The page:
Old favorite. Depending on how many times it was reheated, it could get quite thick. Definitely a recipe with many variations for serving suggestions. The basic thing to remember is that this is basically an Italian soffritto with a pulse or bean added to it.
- 1 cup finely diced onion
- 1 cup finely diced celery
- 1 cup finely diced carrot
- garlic to taste
- 6 cup frozen peas
- 4 cups chicken stock/broth. I imagine a veggie stock would work as well.
- about a cup of diced ham (optional)… I got the deli to give me a 1/2″-3/4″ slice off the deli ham and diced it up. A ham hock on the bone would also be good.
This is a pretty basic soup construction. you cook some vegetables to soften them, add a broth and then cook together for as long as you like. You should be able to substitute any sort of pulse or bean for the peas here. The big difference maker in this recipe is how long you cook the soup after the peas (or whatever) are added. It really depends on what you like things to taste like. I grew up with a long cooked pea flavor, and find the fresh pea flavor in this context a little weird. This is a decision best left to the eater, so come the last step, you may serve at any point after the frozen peas melt.
- heat up a dutch oven pot. something with a lid, and if you like the long cooked flavor, something you can put in the oven. I imagine an instant pot might work for this too, but I haven’t got one, so let me know if it works.
- sauté the onions in a little oil until softened. you should start to see a fond form in the bottom of the pot.
- add the garlic and stir a bit, just to cook it a little
- add the celery and carrots and cook for a bit to soften. (opinions vary about the order here. if you want to soften the carrot and celery more you might add them first and then the onion, but I like to actually brown the onions just a little and that’s easier to do if you do them first. Since I put everything through the blender at the end, it makes less difference texture wise, but the browning helps the onion flavor.)
- this is where I would add the diced ham.
- add the broth/stock.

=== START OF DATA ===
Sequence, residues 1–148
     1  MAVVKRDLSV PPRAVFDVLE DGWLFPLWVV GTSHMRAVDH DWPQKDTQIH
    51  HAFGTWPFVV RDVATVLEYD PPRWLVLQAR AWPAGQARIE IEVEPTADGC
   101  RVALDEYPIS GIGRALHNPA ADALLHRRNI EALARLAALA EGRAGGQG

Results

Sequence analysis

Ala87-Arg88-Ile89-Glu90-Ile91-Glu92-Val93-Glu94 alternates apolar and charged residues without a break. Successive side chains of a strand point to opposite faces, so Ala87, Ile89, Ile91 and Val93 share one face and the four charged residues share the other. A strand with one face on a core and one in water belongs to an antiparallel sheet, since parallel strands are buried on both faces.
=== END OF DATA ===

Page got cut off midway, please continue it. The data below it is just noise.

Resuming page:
- bring to simmer for a little bit.
- add the peas and bring back to a simmer. Cook covered until you are happy with the flavor of the peas.
This is where you have to make a decision. as soon as the soup returns to a simmer, the peas have defrosted and are pretty much ready to eat. If it is your intention to eat the soup now, I would let the soup simmer for a bit longer at step #7 before adding the peas. If you want to wait a bit, add the peas and simmer the whole thing for about an hour and serve directly. Optionally, you can remove the bone and run the whole thing through a blender.
My way (or at least the way I inherited, and the way that is pictured above) is to leave the lid on and stick in a 200º oven overnight to let it soften and thicken and then finally run through a blender. I have happy memories of a soup so thick the spoon would leave a divot.
Important to note that I have deliberately left seasoning out of this recipe, as it can take on a large number of flavors. Some dill might be nice, Jen suggests Tarragon, family tradition leans towards Oregano. A bit of salt wouldn’t hurt either. Curry style flavoring would also probably go over well, especially if you replace the peas with lentils or something similar.
Croutons are simple. You can find the Italian style bread elsewhere on this site or others, but a sort of coarse bread works better.
- dice bread to size of your liking. 1/2″-3/4″ cube is good
- place in bowl and season to taste. see above for some suggestions, if you want to marry the flavor of the crouton to the soup.
- sprinkle with oil and toss to moisten the bread.
- bake in 350º oven until lightly toasted. leave in oven to dry out a bit. (all the better to absorb soup)
Alternately, take a piece of pita bread, cut in half and cut open. lightly butter and season the open half-circles and toast under the broiler until lightly browned and crisped. If you use the thickened and blended version of this soup you can almost spread it on the pita.